Blackberry Vanilla Kombucha

Looking for a fresh new flavor to try on your homemade kombucha? This Blackberry Vanilla Kombucha is like pie in kombucha form, with juicy berries and flavorful vanilla!

Blackberry kombucha in a glass with a paper straw on white background

I’m all for the tart kombucha flavors. The Lemons and Raspberries and Mint Lime Mojitos. But the kombucha flavors that I adore? The kombucha flavors that taste like pie.

And as it turns out, it doesn’t take much to transform kombucha into a deliciously sweet, cream soda-esque pie flavor. You really just need one simple ingredient…vanilla!

We did it with this Vanilla Peach Kombucha, and this Orange Creamsicle Kombucha and this Cherry Pie Kombucha. Next up, blackberries!

Berry kombucha in fermentation bottles on white background

There are two fermentation phases when making kombucha:

  1. First Fermentation: This is when you transform sweet tea into tart and tasty kombucha (see our guide to homemade kombucha here).
  2. Second Fermentation: This is when you carbonate the kombucha by adding flavor and sugars (like blackberries) and bottling it.

In order to make this Blackberry Vanilla Kombucha, you need to have completed the first fermentation and have some kombucha ready to be carbonated!

Berry kombucha in fermentation bottles on white background

Blackberry Vanilla Kombucha Ingredients

  • Kombucha: You have brewed your kombucha in the first fermentation and are ready to flavor it (first fermentation instructions here).
  • Blackberries: Use either fresh or frozen blackberries here. You can also sub your other favorite berries, like strawberries, raspberries, or even cherries.
  • Sugar: Just a tablespoon of sugar will provide more sugar for bacteria and yeast to feed on, creating even more carbonation and fizz (while offsetting the sourness of the blackberries).
  • Vanilla: We’ll use vanilla extract here, but you can use vanilla beans if you want a more intense vanilla flavor.
Pouring berry vanilla kombucha in a glass with a paper straw on white background

How to make berry kombucha

When making kombucha with berries, I like to cook down the berries a bit to deepen the sweetness and flavor. It does require a little more hands-on time than most kombucha flavors, but it’s worth it in the end!

  1. Cook the berries: Heat berries, water, and sugar in a saucepan until the berries burst and begin to breakdown. This creates a deeper flavor but makes it easier for the kombucha to “eat up” the blackberry sugars. Let the mixture cool (speed this up by setting the pot in a sink full of cold water).
  2. Bottle: Evenly distribute berries and vanilla into fermentation bottles. Pour in kombucha, leaving 1 to 2 inches free at the top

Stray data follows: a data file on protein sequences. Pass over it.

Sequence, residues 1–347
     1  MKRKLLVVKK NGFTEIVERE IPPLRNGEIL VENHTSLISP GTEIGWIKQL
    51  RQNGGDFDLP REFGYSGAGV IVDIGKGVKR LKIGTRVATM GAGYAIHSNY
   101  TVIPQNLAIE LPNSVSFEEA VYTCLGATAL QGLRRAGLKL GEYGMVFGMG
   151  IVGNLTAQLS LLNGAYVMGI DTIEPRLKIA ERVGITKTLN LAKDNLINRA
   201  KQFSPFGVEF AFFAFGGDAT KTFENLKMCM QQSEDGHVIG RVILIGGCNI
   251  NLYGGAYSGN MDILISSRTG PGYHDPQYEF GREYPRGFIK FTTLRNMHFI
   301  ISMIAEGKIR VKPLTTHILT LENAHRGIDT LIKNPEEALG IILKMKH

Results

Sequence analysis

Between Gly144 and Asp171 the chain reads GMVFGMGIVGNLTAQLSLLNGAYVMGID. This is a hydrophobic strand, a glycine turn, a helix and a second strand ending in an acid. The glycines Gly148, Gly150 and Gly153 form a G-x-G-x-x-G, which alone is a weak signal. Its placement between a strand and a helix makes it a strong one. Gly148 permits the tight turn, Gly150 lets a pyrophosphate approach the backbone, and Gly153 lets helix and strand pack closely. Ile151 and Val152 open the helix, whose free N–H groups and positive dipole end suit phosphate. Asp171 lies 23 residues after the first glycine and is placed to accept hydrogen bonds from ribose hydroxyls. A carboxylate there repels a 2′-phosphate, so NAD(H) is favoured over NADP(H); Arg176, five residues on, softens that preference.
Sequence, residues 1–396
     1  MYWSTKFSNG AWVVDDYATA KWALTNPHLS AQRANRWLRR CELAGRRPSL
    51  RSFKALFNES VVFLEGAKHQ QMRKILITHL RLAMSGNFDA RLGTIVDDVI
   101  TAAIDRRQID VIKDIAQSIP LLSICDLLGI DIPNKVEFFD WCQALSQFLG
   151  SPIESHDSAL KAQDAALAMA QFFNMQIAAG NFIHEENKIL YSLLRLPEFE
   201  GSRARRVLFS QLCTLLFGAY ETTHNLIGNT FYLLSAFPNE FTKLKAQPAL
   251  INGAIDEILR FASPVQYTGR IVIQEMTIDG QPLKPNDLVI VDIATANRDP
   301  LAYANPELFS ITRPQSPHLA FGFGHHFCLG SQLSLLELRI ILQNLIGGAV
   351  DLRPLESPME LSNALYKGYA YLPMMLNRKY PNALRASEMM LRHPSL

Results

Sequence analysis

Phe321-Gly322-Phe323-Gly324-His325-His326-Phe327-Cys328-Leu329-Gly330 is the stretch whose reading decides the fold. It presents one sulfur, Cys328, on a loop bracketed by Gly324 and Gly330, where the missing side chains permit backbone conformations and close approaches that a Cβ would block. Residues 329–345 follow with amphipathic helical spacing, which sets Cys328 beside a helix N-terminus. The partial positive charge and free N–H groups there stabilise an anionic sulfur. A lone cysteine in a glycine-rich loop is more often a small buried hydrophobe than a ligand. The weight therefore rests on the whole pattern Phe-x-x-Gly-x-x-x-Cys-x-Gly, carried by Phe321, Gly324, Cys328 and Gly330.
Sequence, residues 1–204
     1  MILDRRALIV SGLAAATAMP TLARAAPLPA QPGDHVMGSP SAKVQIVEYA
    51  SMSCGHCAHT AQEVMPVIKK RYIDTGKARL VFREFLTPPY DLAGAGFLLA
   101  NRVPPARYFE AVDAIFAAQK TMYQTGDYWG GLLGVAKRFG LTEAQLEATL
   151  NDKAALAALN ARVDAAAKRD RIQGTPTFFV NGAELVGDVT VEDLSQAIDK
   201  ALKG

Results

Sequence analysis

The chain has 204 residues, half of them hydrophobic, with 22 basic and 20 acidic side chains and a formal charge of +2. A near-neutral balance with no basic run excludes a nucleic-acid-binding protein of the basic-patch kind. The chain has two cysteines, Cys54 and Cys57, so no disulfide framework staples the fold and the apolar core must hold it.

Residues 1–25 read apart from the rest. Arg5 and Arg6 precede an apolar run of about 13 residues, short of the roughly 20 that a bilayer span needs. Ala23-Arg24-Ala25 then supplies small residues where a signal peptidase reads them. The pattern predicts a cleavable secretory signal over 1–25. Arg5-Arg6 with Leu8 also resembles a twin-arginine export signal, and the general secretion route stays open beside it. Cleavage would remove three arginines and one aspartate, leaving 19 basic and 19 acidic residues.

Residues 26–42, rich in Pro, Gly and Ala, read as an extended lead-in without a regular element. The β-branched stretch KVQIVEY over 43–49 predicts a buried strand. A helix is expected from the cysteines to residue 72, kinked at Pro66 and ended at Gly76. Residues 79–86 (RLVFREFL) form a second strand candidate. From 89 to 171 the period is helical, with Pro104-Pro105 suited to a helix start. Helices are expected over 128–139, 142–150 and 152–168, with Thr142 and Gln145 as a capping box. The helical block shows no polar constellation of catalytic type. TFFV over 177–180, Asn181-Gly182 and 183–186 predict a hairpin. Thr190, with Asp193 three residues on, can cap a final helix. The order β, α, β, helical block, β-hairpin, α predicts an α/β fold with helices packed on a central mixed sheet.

3. Ferment: For 3 to 10 days, until it reaches the carbonation level you like.
  4. Enjoy: Chill in the fridge before serving, optionally straining out the fruit fibers.
Blackberry kombucha in a glass with a paper straw on white background
Pouring berry vanilla kombucha in a glass with a paper straw on white background

Blackberry Vanilla Kombucha

Yield: 8 cups
Prep Time: 3 days
Total Time: 3 days

This Blackberry Vanilla Kombucha is like pie in kombucha form, with juicy berries and flavorful vanilla!

Ingredients

  • 1/2 gallon kombucha from a first fermentation (this is not store bought kombucha, 1.9 L)
  • 1/2 cup blackberries (fresh or frozen, 100 g)
  • 1/4 cup water (60 mL)
  • 1 Tbsp sugar (10 g)
  • 1/2 tsp vanilla (can use a piece of vanilla pod + seeds for stronger flavor)

Instructions

  1. Cook: Add berries, water, and sugar to a medium saucepan. Cook, uncovered, over medium heat until berries burst, mashing them a bit to form a thick liquid (should take about 10 minutes). Let cool to room temperature (to quicken this up, set pan in a sink full of cold water).
  2. Bottle: Evenly distribute berries and vanilla into fermentation bottles. Pour in first fermentation kombucha, leaving 1 to 2 inches free at the top.
  3. Ferment: For 3 to 10 days, until it reaches the carbonation level you like.
  4. Enjoy: Chill in the fridge before serving, optionally straining out the fruit fibers.

Notes

*If this is your first time brewing, it may be helpful to use a plastic water bottle as a gauge. Fill a disposable plastic bottle with kombucha (leaving 2 inches empty at the top). When this bottle becomes rock hard, you’ll know the glass bottle are also ready. This will help you gauge how quickly kombucha brews in your climate and will prevent bottle explosions.

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